My rating: 4 of 5
WARNING: (Indirect) spoilers. Read at your own discretion.
I initially thought that Citizen Jake was esoteric given the impression that getting insight from the film would need some political context. It is now I only realise that anyone with an open mind can engross himself/herself in the movie’s political depth.
The film starts with a metafictional introduction, most probably to remind its viewers that, in the end, it is just a story. Jake Herrera, the protagonist, begins his narration in a rather bleak room—introducing himself first. He is not your ordinary citizen. Ironically, he is a freelance journalist who looks into the corruption within the Philippine government, but is more often regarded as the son of the powerful Senator Jacob Herrera. Immediately, he gives the impression that he is trying to stray away from his family which he considers as corrupt and dishonourable. Throughout the entire film, Jake keeps running away from his family, who tracks every bit of his actions, and their dirty laundry, and it is clearly implied that he only communicates to them whenever he needs answers for either himself or his work. The narrative’s cohesiveness relies on the death of Grace, his lover’s (Mandy) student and friend. From there on, the death is investigated (occasionally at first), but his family continues to intervene with his life, and through that, the depth of the film emerges.
Contemporary politics is the central theme of the film—it glares at your face and speaks of the director’s “truth”. The Marcoses, corruption in the government, and hypocrisy within the officials are the common subjects, but viewers are always exposed to the dirty laundry of Jake’s family and other government officials. This is composed of their self-interested, ruthless intentions that exhibit misconduct such as killings and prostitution. It is clear that De Leon tries to make a statement indiscreetly, though it doesn’t cross the line of dropping names. As such, the film is a manifestation of the political situation of the Philippines now, like “Noli Me Tangere” during Rizal’s time.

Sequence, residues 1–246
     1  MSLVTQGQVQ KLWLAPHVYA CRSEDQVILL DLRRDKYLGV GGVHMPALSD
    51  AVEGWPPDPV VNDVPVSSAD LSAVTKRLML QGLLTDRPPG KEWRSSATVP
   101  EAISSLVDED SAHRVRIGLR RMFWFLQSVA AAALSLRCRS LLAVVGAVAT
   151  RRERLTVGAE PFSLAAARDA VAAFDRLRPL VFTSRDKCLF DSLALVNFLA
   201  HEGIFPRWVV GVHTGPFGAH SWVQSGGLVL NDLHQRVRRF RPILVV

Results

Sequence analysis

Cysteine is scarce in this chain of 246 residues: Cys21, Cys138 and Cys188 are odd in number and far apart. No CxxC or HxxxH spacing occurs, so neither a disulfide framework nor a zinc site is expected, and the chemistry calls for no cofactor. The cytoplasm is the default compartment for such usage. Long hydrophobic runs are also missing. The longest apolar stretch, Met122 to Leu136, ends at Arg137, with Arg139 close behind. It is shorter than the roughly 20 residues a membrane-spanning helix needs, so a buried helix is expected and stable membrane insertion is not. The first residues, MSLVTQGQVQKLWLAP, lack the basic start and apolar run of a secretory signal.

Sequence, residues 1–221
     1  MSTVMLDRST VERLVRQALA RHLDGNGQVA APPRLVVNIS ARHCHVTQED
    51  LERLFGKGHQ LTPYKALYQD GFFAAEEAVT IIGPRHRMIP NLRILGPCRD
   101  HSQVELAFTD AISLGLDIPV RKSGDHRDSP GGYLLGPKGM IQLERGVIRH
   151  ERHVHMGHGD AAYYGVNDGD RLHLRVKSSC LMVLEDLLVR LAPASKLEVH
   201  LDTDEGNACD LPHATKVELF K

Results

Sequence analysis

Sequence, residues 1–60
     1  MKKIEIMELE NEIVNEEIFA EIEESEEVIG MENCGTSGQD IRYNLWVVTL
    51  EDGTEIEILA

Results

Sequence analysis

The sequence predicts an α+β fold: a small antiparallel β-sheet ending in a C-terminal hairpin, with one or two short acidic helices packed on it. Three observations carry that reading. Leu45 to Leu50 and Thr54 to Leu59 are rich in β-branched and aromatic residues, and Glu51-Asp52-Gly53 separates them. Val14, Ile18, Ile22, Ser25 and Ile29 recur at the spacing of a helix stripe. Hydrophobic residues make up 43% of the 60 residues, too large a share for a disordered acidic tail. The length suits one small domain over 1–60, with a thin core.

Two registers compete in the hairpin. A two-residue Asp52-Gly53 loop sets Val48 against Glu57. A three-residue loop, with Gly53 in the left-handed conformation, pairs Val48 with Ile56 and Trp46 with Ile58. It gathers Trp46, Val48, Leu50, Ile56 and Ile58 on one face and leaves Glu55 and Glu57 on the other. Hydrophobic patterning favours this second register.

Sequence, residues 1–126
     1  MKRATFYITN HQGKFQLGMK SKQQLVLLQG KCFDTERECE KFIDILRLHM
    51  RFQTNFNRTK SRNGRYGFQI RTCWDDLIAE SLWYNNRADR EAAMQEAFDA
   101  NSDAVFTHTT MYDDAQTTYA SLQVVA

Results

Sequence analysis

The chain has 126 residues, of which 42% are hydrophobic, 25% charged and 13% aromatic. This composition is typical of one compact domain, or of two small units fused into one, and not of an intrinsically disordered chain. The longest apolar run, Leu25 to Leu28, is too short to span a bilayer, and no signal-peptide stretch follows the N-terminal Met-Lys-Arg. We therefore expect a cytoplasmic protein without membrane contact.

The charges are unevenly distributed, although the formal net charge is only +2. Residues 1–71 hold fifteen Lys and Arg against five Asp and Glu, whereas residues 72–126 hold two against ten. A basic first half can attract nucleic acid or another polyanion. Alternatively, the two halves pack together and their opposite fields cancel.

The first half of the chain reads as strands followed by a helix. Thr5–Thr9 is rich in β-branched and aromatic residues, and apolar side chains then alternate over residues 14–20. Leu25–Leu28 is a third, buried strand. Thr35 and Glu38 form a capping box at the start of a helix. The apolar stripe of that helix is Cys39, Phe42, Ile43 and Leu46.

Also presented was the role of media, particularly of journalism, by showing the nature of Jake’s work. It shows that, usually, credibility is achieved when you have a strong personal background. Jake, however, gives the impression that he writes only what will fulfil his desires, such as ruining his father’s reputation—using his blog as a threat. This also shows just how family isn’t always the strongest relationship one can achieve, so Jake puts his trust to his caretakers and their son, but he is soon slapped by the reality of the relationship between those of different social classes. He also realises that everything goes back to his father, and with everything that is happening to him at the same time, he soon experiences a strong turmoil that leads him to become what he is against at in the first place—corrupt. There is no justice with the crime he does in the end.
The profundity and voice of the film stand up for it and prove itself to be a significant masterpiece in this day and age, not to mention the cinematic elements that contribute to the film as an art form. It speaks to your political consciousness and gauges how much you have of it. It is also worth noting that, despite lasting for 2 hours, anyone can easily invest himself/herself to the film and not find it dragging. The complexity of it all prove to be simple–politics is supposed to meddle with your life.
Unfortunately, the film appears to be one-sided—the perspective of the protagonist is given a spectrum whereas the others are given a dichotomy—they are either good or bad, and the film urges you to choose the latter. Consequently, most of the characters other than Jake aren’t as three-dimensional as he is; all-throughout the movie, government officials are portrayed as the enemies. Perhaps these characters could have been given more attention that is less biased.
Regardless, the film is brave enough to speak of the director’s truth and compel its viewers to realise it. De Leon urges us to break the silence and do something about the oppressors, and perceiving it is the first step.